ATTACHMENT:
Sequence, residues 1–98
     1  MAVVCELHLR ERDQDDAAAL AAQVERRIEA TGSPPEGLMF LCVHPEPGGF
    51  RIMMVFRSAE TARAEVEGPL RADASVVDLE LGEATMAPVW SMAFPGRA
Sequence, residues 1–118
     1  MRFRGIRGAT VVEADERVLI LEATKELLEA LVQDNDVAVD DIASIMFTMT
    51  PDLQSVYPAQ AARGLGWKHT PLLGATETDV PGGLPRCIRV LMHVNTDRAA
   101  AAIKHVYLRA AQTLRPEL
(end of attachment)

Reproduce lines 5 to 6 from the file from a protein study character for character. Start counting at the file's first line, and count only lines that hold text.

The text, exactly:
     1  MRFRGIRGAT VVEADERVLI LEATKELLEA LVQDNDVAVD DIASIMFTMT
    51  PDLQSVYPAQ AARGLGWKHT PLLGATETDV PGGLPRCIRV LMHVNTDRAA